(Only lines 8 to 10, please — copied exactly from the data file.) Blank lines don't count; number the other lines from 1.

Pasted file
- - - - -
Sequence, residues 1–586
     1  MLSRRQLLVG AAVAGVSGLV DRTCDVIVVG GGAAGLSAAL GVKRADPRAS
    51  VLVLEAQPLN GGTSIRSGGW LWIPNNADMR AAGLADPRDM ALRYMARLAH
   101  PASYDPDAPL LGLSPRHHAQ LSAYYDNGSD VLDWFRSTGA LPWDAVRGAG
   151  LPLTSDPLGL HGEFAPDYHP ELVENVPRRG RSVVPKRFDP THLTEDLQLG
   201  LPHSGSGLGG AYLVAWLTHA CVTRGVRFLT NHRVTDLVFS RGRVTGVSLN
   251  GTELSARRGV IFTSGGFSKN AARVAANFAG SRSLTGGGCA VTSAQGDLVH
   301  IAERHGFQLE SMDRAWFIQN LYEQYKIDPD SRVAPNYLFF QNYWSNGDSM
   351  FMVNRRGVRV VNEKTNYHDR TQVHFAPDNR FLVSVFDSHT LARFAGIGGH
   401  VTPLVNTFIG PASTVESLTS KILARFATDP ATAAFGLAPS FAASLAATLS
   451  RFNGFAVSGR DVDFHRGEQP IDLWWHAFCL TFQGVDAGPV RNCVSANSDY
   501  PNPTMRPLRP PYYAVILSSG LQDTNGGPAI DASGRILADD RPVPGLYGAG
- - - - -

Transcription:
   301  IAERHGFQLE SMDRAWFIQN LYEQYKIDPD SRVAPNYLFF QNYWSNGDSM
   351  FMVNRRGVRV VNEKTNYHDR TQVHFAPDNR FLVSVFDSHT LARFAGIGGH
   401  VTPLVNTFIG PASTVESLTS KILARFATDP ATAAFGLAPS FAASLAATLS